But it wasn't all bad.

Thankfully, I wasn't forced to add insult to injury by being subjected to the ESPN2 broadcast, in which Joe Morgan probably spent most of the game spouting broad generalizations based upon this one game. Maybe he already has the Orioles penciled in to finish the season ahead of Toronto (and maybe even Boston).

Pedro's pitching was far from dazzling. While he had trouble early, his fastball "frequently" reached 91mph, reports espn.com . After allowing three runs in the second inning, Pedro allowed only three baserunners, two infield singles and a walk. He settled down and pitched well...just not as well as most Sox fans were hoping. It is worth noting that all five of Pedro's K's came after he gave up those runs early on. Overall, Martinez certainly pitched well enough to win, which should be encouraging despite the slower fastball.

By the eighth inning there was little to cheer about, as Boston was already down by five runs. But I couldn't help cracking a smile when I saw Brian Daubach step to the plate, hitting for Pokey Reese in the eigth. While working a five pitch walk (it wasn't much work at all -- he didn't swing once), I was pleasantly reminded of the old Dirt Dog I'd nearly forgotten about. His trademark pre-pitch dance was a sight for sore eyes, reminding me of one of baseball's beauties. More than any other sport, the game of baseball is slow enough to become personal. Seeing him place the bat between his legs and readjust his gloves and helmet before hoisting the bat over his shoulder again brought back memories of summers past.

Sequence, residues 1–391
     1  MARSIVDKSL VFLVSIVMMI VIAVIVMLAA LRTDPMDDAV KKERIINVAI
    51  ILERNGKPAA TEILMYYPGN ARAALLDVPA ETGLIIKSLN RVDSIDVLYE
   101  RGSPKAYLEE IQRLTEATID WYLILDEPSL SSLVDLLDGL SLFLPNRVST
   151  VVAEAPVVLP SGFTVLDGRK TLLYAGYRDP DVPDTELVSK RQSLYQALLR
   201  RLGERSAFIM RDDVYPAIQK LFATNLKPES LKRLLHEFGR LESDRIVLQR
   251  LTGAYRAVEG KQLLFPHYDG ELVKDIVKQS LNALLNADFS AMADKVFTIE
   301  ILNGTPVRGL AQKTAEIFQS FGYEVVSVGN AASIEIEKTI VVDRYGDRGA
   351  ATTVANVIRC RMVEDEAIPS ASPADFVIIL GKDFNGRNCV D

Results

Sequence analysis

But Boston fans have some Monday Morning Quarterbacking ahead of them today. Can anybody explain Pokey Reese's two-out bunt attempt with two men in scoring position in the fourth inning? Let's hope Pokey merely forgot how many outs were on the board, which I'm fairly certain was what occurred. After Tony Francona being hired as a stats man and a smart guy, a two-out suicide bunt would be the last play I'd expect him to call.